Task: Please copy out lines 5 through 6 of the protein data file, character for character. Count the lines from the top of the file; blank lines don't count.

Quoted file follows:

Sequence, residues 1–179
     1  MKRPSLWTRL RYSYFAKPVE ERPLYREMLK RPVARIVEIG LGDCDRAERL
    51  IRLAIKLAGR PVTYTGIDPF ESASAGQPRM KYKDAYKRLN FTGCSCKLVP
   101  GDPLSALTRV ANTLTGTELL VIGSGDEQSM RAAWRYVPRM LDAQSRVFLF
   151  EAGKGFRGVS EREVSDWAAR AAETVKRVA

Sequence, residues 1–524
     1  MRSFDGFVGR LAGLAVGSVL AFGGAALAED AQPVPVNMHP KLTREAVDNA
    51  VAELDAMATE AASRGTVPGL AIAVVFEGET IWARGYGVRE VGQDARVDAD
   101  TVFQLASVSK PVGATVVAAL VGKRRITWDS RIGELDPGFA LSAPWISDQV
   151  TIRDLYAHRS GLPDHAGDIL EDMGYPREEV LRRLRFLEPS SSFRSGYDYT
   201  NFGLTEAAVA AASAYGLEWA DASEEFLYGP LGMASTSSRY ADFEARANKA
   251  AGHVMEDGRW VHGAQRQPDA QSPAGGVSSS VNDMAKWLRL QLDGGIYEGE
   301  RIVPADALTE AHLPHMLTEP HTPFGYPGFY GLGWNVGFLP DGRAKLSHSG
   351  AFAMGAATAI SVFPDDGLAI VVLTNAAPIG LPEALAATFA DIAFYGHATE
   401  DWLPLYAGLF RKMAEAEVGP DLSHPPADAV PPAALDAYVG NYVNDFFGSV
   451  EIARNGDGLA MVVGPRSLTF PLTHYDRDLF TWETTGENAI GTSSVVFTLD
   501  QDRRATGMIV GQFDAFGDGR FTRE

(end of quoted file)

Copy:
   151  EAGKGFRGVS EREVSDWAAR AAETVKRVA

Sequence, residues 1–524